Tag Archives: card-driven
Jim descends further into his Napoleonic madness with massive-scale gaming ~
Jim Owczarski, 18 March 2017
I have been waiting for this one for a long time.
It’s almost unreal to me that Battle Cry, the first of Richard Borg’s “Commands and Colors” series, was released in 2000. I like the American Civil War well enough, but, from the beginning, I hoped that the simple, elegant system evident in the game could be elaborated into the best of all periods, Napoleonics.
In the years since, I’ve bought and happily played Memoir ’44 (2004), Commands and Colors: Ancients (2006), Battlelore (also 2006), not to mention the remarkable array of expansions, special editions, and the like for all these systems. I gave Zvezda’s Samurai Battles a miss if only because it’s the only era covered that doesn’t appeal to me.
True Napoleonic wargamers are obsessed with scope, spectacle, and sweep.
And then it came out. In 2010, GMT Games gave the waiting world Commands and Colors: Napoleonics. Sure, it was wooden blocks not lovely figures. Yes, it was the British, Spanish, and Portuguese versus the French. And, yes, for reasons known only to the grim gods of game production, the Prussians were excluded from the included Waterloo scenario. But it was Napoleonics and that, at first, was enough.
This was no longer the simplified rule set found in Battle Cry. There was the forming of square; different grades of horse, foot, and guns; and even elegant rules to differentiate leaders and national troop characteristics. In the latter case, French troops, and their famous columns, fight better in melee, while the British lines do real damage with ranged fire, &c.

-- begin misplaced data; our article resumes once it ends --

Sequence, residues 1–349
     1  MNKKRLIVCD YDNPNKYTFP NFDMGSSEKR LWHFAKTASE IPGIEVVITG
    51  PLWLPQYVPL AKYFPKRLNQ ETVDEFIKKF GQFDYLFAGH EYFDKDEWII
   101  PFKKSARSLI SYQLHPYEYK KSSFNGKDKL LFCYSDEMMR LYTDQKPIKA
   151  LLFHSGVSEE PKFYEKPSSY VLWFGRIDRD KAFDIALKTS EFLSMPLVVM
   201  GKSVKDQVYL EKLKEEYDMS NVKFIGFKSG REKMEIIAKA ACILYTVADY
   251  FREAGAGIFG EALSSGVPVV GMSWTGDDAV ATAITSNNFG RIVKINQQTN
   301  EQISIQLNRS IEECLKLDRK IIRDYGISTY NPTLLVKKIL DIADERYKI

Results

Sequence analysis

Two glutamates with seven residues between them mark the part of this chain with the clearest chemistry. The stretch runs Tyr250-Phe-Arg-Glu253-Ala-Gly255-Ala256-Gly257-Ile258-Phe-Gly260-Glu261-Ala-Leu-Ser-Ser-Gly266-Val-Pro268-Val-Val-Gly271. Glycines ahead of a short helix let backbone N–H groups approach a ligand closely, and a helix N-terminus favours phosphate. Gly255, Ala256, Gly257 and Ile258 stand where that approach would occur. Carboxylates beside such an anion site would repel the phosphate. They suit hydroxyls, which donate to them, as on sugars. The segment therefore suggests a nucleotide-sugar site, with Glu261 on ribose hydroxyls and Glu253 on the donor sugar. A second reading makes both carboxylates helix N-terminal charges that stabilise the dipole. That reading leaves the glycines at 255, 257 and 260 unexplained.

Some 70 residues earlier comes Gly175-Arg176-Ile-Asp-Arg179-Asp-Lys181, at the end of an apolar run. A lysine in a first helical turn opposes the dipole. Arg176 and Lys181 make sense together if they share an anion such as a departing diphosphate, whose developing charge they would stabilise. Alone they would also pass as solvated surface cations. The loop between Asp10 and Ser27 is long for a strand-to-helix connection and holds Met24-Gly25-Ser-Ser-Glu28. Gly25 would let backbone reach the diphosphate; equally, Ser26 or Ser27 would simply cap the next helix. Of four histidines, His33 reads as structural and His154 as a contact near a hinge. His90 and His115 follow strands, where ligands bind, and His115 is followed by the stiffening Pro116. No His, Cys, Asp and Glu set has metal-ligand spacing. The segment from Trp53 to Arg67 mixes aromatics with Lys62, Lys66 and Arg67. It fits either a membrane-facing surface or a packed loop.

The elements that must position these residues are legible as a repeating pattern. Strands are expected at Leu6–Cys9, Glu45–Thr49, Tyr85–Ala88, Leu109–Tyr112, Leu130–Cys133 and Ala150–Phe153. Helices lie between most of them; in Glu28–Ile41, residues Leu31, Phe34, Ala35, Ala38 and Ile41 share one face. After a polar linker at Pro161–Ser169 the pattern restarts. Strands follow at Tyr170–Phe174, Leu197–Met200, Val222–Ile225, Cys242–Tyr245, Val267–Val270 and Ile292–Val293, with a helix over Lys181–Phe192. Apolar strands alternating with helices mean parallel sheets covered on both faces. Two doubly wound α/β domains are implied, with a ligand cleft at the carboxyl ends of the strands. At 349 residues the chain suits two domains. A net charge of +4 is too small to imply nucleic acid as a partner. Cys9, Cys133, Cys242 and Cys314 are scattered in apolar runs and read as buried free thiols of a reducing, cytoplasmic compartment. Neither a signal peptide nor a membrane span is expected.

After much fun was had, though, it was ultimately not enough. True Napoleonic wargamers are obsessed with scope, spectacle, and sweep. It is this that leads us to do really, really dumb things like this: Historicon 2010 Part V Wagram (Shako II) and Outro
For the record this is my shaky-cam — I’ve become better — but this game had run 14 hours before I had to leave with it far from finished.
BanzaiCat digs into the footlocker ~
Michael Eckenfels, 07 December 2016
GrogHeads Staff, 30 September 2016
The Russian Campaign, Designer’s Edition (GMT Games / Consim Press)
p500 $42 / MSRP $60
The Russian Campaign is an oft-revered game frequently mentioned among the ‘gold standards’ of classic wargaming. It’s also been been mentioned with sputtered mutterings that vaguely sounds like “it costs how much?!?!” Well, here’s your chance to get your hands on your own new, updated, corners-waiting-to-be-clipped copy of the classic. You get 5 scenarios, counters with both NATO and icon artwork, full color rules & players aids, and 30 years of refinements and improvements to the rules, examples of play, game balance. Blitz your way over to the p500 page to get your money down.
Superheroes come to the beloved Munchkin series. Is it Super fun? ~
Avery Abernethy, 11 August 2016